Bear Wolf Catelyn Stark) and say their goodbyes.
In this case, after multiple, near-fatal attempts to reconcile with his one-and-only Khaleesi, Daenerys Targaryen, Mormont will probably die fighting to prove his loyalty in rescuing her from a khalasar that has whisked her off to Vaes Dothrak, where according to Dothraki rules, she should be living as a widow, ever since she picked the world’s worst naturopath to treat Khal Drogo. (Let’s hope her Dothraki hasn’t gotten too rusty.) There’s no way she’s staying put, though, and based on how much power seems to shift among the Dothraki, she might end up in control again. If her allies (?) back in Meereen play their cards right, she might actually end up with ships and a Dothraki army as she intended before.
Oh, and she’ll have dragons, too. Whether any or all of these forces learn to behave is another matter. I am so glad Varys is back around, and not just for the banter with Tyrion. Things always run so much more smoothly.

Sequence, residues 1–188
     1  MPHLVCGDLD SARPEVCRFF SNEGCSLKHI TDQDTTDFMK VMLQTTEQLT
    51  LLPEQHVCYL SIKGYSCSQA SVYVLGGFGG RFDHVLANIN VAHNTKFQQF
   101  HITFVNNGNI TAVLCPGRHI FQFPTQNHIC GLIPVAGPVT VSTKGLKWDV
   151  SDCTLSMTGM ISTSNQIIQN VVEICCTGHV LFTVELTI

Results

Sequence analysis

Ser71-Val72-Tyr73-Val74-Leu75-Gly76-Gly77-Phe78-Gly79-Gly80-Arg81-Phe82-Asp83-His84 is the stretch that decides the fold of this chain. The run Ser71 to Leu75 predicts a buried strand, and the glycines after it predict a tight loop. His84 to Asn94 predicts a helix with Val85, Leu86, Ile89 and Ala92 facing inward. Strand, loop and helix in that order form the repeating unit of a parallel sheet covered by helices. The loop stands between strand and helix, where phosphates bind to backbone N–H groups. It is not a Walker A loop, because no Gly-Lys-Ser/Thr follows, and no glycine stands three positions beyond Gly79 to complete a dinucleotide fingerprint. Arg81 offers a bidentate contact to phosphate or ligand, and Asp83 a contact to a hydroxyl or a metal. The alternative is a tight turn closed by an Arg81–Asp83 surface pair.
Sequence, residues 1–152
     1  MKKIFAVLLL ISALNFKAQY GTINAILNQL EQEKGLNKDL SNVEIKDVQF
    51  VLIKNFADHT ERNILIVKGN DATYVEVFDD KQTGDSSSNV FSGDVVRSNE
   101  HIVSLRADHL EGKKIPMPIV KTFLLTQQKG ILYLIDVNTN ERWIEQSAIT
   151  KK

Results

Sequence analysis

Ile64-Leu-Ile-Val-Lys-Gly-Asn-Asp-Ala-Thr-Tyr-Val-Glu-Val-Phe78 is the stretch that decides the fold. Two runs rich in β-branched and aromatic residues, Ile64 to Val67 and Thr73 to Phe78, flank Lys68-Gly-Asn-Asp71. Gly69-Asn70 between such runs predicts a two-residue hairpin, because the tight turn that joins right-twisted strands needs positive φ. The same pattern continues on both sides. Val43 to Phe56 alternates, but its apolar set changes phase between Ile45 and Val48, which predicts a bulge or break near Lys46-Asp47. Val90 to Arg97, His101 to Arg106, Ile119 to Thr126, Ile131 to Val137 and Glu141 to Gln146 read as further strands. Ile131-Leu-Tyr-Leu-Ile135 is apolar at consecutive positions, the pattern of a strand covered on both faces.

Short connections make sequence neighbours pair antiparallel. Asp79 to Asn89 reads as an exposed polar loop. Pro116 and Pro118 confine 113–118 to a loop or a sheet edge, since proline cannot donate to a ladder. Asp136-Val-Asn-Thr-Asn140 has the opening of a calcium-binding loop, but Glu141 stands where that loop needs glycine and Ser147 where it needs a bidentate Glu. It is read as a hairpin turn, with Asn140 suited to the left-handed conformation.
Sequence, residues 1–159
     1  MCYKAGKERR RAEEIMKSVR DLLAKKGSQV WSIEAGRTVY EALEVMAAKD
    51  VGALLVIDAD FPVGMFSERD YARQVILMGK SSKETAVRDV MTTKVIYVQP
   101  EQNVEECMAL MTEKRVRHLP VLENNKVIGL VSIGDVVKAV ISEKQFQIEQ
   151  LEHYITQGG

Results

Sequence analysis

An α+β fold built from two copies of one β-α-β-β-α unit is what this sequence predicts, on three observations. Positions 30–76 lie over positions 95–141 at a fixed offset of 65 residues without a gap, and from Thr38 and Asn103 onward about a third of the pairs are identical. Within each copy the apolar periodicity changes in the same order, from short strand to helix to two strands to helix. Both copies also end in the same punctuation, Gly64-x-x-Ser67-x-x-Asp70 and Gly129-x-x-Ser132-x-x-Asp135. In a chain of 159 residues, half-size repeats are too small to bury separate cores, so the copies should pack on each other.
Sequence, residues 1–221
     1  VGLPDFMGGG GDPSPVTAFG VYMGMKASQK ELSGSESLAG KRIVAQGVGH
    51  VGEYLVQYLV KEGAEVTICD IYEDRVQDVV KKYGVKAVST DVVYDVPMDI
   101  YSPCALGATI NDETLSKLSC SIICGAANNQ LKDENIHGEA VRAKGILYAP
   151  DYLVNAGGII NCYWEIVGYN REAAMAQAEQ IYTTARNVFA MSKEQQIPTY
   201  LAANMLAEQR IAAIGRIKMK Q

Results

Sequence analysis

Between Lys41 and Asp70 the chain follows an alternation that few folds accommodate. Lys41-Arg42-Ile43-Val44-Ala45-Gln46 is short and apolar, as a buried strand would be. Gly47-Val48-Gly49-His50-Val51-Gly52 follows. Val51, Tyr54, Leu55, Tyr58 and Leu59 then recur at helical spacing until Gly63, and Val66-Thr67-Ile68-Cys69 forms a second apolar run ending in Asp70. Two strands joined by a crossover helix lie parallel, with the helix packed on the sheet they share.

Oh, and about those dozen other plot-lines…
They are important, too, but really they all seem to be an accessory to the central story of who is going to kick the Night’s King’s blue, puckered ass. The dragons are definitely going to play a part, as nothing will lay waste to the tens of thousands of wights on the march like fiery re-death from above. Bran Stark is out beyond the wall, still learning to warg and see the future and other biz with the three-eyed raven, who has told him he will never walk again, but he will fly. I’m guessing at some climactic point, that may include warging a full grown Drogon, but that’s just fanboy speculation. I feel no shame.
Seeing as I view most of these developments as inevitabilities, I am not feeling much in the way of suspense, but I am looking forward to a full on religious purge in King’s Landing. I will never cheer for The Mountain—especially after he smashed my swarthy, pansexual future husband’s head. (Oberyn 4 Ever.) But The Mountain is technically even more dead than Jon Snow. Snow will still be snow, just like Beric is still Beric. The Mountain is now just a Frankensteinian meat puppet named Ser Strong, and he’s about to Hulk Smash those pesky, anti-gay, slut-shaming Sparrows but good. (Judging from the trailer, the gore factor has not been dialed down this season. Meep.) I love to hate Cersei, but given that she’s just been brutalized at the Red Keep and is about to find out her daughter is dead, I’m kind of rooting for her in this fight, so long as she reconciles with my BFF, Margaery Tyrell.